Cross sheeting - SailNet Community
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post #1 of 27 Old 10-24-2011 Thread Starter
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Cross sheeting

All the old timers know this one but some new folks may not have thought of it.
Especially when sailing alone it can be handy to run a jib sheet across the cockpit from the leeward side to the weather side to cleat it off.

This way you can release the sheet from the windward side of the boat.
You can tighten the sheet by just yanking the center of the line directly towards the back of the boat then tightening up the slack. It's called sweating the line and is faster than getting out the winch handle.

Dinghy sailors do this all the time but it is working well here on a 25' Catalina.
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post #2 of 27 Old 10-24-2011
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That's a bit confusing to me.. If you take the turns around the windward winch, then you can use the winch handle and stay on the windward side....

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post #3 of 27 Old 10-24-2011 Thread Starter
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Quote:
Originally Posted by djodenda View Post
That's a bit confusing to me.. If you take the turns around the windward winch, then you can use the winch handle and stay on the windward side....
Of course you are right. but if you are in hurry or the handle is on the other side or you just don't feel like it it, or you lost the handle it is good to know that sweating a line like they did on the old ships before winches were common still works.

Just another simple old time trick that might come in handy.
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post #4 of 27 Old 10-25-2011
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Cross sheeting is a very handy trick. I've done "just to see" how it works. Then it had me thinking.... If there was a single winch in the middle.... LOL
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post #5 of 27 Old 10-25-2011
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Greetings Earthlings The Sail Training vessel 68 ft only had one sheet winch in the cockpit centre and as with all sail training vessels if it is too heavey get more people on it the anchor was also lifted by hand other vessels in the fleet are the Sir Samual Withbreat, Falmath Packet, Francis Drake, Sir Thomas Sopwith,Tiakoo, and Grania all part of the Ocean Youth Club ( now the Ocean Youth Trust UK.) GO SAFE.
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post #6 of 27 Old 10-25-2011
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Cross sheeting is very useful on lightweight boats upwind in a strong breeze, where the last thing you want to have to do is send someone from the weather rail down to the leeward winch to trim.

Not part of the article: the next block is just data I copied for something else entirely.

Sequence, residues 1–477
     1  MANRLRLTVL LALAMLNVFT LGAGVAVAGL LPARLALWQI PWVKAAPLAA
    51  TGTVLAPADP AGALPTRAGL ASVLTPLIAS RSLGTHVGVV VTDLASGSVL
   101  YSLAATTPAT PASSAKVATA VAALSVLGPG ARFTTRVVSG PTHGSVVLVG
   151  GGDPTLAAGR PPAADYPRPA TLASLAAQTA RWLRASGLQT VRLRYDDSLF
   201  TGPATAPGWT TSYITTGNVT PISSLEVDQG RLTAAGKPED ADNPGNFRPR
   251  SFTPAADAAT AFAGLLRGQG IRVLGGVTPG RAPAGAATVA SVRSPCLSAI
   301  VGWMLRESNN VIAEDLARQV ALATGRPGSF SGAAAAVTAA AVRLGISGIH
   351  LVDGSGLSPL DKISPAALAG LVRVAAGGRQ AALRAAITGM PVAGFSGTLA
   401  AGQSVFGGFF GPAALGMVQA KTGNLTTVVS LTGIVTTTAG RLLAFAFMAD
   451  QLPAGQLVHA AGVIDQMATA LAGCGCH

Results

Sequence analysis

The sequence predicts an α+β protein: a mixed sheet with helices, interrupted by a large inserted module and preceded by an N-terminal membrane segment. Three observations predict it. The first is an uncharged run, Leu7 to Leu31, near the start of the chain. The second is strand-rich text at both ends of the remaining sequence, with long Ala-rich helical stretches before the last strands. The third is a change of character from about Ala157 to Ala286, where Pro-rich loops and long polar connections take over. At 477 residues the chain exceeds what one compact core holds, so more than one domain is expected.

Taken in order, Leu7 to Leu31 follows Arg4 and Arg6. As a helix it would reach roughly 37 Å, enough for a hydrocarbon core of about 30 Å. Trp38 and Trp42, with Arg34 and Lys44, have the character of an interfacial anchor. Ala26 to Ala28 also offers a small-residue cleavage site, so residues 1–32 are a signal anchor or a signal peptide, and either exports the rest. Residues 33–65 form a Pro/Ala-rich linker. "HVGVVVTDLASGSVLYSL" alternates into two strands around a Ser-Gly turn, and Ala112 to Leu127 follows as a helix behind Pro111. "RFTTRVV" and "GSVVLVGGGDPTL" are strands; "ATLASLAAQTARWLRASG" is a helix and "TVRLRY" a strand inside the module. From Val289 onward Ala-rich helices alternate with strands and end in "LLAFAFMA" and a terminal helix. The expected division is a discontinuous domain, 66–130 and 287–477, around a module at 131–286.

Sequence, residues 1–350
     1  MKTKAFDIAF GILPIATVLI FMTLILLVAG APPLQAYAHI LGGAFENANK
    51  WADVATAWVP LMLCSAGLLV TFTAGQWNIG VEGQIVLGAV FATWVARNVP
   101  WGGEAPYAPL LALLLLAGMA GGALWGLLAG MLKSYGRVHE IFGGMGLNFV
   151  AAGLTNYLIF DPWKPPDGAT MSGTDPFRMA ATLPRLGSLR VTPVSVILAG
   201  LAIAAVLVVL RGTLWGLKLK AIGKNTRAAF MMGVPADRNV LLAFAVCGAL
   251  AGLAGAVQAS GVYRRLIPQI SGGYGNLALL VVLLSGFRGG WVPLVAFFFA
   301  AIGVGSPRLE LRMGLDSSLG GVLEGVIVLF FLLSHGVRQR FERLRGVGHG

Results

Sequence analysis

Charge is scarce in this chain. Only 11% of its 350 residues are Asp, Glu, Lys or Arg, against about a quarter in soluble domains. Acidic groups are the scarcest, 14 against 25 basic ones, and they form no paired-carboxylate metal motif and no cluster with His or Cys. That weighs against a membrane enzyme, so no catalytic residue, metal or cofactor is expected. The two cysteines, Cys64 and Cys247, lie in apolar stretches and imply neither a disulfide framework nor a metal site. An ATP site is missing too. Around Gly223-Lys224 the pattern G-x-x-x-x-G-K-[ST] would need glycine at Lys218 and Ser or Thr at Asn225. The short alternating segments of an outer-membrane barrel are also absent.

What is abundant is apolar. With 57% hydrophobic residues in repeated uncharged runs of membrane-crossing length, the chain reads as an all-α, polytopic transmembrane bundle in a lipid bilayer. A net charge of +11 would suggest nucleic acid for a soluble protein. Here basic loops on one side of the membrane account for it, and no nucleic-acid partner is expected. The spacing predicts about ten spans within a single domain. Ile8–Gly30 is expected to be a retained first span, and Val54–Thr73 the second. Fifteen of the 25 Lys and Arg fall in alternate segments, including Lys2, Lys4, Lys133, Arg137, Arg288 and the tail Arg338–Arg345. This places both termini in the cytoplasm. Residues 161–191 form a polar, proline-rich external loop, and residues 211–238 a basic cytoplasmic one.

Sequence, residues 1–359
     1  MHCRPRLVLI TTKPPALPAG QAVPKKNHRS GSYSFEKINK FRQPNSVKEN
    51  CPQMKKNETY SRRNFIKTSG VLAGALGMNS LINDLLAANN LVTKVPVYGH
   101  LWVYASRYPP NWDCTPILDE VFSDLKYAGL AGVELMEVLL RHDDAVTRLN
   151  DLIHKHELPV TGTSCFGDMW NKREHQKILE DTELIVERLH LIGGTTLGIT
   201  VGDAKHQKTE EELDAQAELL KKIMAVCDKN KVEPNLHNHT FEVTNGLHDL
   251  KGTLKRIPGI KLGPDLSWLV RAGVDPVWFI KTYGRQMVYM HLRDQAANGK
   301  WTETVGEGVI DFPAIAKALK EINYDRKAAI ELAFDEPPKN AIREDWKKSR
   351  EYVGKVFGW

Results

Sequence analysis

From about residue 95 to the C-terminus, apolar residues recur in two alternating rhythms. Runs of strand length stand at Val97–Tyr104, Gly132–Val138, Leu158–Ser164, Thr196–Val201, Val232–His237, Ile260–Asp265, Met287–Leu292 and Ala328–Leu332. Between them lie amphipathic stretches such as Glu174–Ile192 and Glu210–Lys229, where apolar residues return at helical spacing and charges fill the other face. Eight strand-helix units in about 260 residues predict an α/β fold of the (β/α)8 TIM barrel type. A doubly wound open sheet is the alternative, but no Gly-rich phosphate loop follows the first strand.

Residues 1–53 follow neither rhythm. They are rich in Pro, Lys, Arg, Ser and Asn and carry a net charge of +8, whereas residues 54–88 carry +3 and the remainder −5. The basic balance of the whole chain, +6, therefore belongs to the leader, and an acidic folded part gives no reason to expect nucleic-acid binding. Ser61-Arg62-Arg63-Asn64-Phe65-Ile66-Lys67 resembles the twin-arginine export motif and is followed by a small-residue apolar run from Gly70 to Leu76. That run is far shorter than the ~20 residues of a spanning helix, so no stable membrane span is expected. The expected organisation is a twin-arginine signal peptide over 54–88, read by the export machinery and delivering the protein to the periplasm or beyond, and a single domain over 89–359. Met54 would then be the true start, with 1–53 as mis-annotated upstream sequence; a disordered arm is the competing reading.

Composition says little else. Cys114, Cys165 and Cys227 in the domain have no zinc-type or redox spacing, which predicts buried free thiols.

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post #7 of 27 Old 10-25-2011
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I've tried it when singlehanding but so far I'm not convinced.

1) Trip hazard in the cockpit, right in front of the companionway? When singlehanding? Seriously?

2) I don't like sitting in one place for more than a couple of minutes at a time. Crossing the boat to trim the jib is a good excuse to move around and point my head the other direction. I need to peek under the jib to look for traffic more often than I need to trim the jib anyway.

3) I think on dinghies you really don't want to move around if you don't have to, because you are the ballast. But on bigger boats, moving around isn't as much of a big deal.

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post #8 of 27 Old 10-28-2011
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Good thread, David. I use cross sheeting frequently on my Catalina 22 when singlehanding. It just depends on the winds and how much moving around I care to do.

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post #9 of 27 Old 10-28-2011
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Thanks for the picture; I was having trouble envisioning what everyone was describing.

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post #10 of 27 Old 10-30-2011
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It also depends on the size of the boat... Some smaller ones do depend on your weight as ballast and cross sheeting may be necessary.

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